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Passing of Nelson Mandela
Assembly of First Nations National Chief Atleo Traveling to South Africa to Participate in Memorial Services for 'Madiba' Nelson Mandela
Harper travels to South Africa to pay final respects to Nelson Mandela
Assembly of First Nations National Chief Atleo on the Passing of South African Leader Nelson Mandela
Congress of Aboriginal Peoples' National Chief Lavallée Issues Statement on the Passing of Nelson Mandela
ONTARIO REGIONAL CHIEF STAN BEARDY ON THE PASSING OF NELSON MANDELA, THE MOST IMPACTFUL INDIGENOUS LEADER OF THE 21ST CENTURY
Protests against proposed First Nations Education Act
Anishinabek leading education rally
NAN TO HOLD EDUCATION RALLY
Association of Iroquois and Allied Indians to Announce Action Plan to Oppose the Proposed First Nation Education Act
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Federal Court Review Attawapiskat First Nation challenge Federal third party manager decision
Canada: The Aboriginal Economic Benchmarking Report
 

Monday, December 9, 2013

Harper travels to South Africa to pay final respects to Nelson Mandela By Terry Pedwell, The Canadian Press

Prime Minister Stephen Harper and his wife Laureen board a flight for South Africa to attend a memorial for Nelson Mandela, in Ottawa, Sunday, Dec.8, 2013. THE CANADIAN PRESS/Adrian Wyld Prime Minister Stephen Harper and his wife Laureen board a flight for South Africa to attend a memorial for Nelson Mandela, in Ottawa, Sunday, Dec.8, 2013. THE CANADIAN PRESS/Adrian Wyld

OTTAWA - A who's who of Canadian politics is on its way to South Africa with Prime Minister Stephen Harper to pay their final respects to Nelson Mandela.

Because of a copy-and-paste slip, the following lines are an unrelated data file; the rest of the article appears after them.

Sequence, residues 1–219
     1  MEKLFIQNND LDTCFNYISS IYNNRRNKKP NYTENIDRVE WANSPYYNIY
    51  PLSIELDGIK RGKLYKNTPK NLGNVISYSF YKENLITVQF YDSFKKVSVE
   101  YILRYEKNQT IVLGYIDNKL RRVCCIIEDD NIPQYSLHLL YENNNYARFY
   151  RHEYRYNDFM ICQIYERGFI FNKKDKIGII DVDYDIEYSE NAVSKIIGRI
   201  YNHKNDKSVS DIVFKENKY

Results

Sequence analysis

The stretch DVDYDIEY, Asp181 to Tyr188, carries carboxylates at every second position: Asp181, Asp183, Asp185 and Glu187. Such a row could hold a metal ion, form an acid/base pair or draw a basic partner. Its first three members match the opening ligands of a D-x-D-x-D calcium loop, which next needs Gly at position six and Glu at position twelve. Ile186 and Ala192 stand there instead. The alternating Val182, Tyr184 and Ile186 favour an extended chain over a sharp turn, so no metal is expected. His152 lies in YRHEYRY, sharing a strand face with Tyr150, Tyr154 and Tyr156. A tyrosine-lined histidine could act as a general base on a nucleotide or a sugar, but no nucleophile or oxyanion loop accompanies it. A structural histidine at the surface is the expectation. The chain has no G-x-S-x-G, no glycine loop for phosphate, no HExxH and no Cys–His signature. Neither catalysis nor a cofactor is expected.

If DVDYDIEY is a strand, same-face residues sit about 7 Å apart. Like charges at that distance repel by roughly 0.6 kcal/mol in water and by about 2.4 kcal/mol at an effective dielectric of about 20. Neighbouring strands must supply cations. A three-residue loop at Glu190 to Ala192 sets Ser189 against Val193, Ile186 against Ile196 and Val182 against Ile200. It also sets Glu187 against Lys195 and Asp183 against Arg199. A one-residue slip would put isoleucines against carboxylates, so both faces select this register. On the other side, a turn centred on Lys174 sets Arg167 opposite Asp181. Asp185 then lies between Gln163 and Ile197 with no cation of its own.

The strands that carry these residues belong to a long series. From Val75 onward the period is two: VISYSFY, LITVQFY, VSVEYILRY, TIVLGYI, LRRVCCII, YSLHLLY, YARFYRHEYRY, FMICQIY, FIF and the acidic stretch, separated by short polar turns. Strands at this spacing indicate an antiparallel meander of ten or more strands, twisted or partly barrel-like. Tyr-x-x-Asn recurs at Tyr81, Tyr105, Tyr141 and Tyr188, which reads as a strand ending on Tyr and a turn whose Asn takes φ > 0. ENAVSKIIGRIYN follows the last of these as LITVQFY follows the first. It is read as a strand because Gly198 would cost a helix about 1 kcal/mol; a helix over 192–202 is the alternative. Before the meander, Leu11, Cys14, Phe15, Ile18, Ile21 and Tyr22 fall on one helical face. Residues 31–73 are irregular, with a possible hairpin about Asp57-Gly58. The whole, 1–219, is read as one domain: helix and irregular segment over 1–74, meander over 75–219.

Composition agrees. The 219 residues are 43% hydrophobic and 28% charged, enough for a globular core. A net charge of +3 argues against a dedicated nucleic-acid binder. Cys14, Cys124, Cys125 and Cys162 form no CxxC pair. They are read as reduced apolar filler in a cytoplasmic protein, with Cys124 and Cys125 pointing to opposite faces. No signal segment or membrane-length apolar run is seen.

Harper will attend a public memorial for Mandela on Tuesday in Johannesburg, as well as his lying in state in Pretoria on Wednesday.

He's being accompanied by three of his predecessors — Brian Mulroney, Jean Chretien and Kim Campbell, all of whom were invited by Harper to fly on the prime ministerial plane to attend the service. Joe Clark, meantime, is already in Africa and will join the Canadian delegation when it arrives in South Africa.

"He was a great, great man," Chretien said of Mandela as he boarded the plane.

Harper and his wife, Laureen, waved to the assembled media on the tarmac at the Ottawa airport as they got on the plane, a chilly sunset serving as their backdrop.

NDP Leader Thomas Mulcair also joined the delegation, but not Justin Trudeau, the Liberal leader. Instead, Liberal MP Irwin Cotler joined the delegation. It wasn't immediately known if Trudeau declined an invitation from Harper .

Assembly of First Nations national chief Shawn Atleo was also on board. Former Gov. Gen. Michaelle Jean, Premiers Darrell Pasloski of the Yukon, Nova Scotia's Stephen McNeil and Alison Redford of Alberta are also travelling to South Africa with the prime minister.

"To see representatives of all political families together going to South Africa to pay tribute to Mandela is totally in the spirit of the man, so I'm proud of us," Jean said as she prepared to board the plane.

Redford, a lawyer specializing in constitutional and legal reform law, worked for Mandela in the early 1990s in efforts to rebuild South Africa's legal system and lay the groundwork for the first all-race elections that led to him becoming president.

Mulroney spearheaded Canada's efforts to free Mandela from prison and pressure South Africa to end apartheid, while Chretien was prime minister when Mandela was granted honourary Canadian citizenship in 2001.

Mandela died on Thursday at the age of 95.

His body will lie in state from Wednesday through Friday.

A state funeral for the former South African president is planned for next Sunday.

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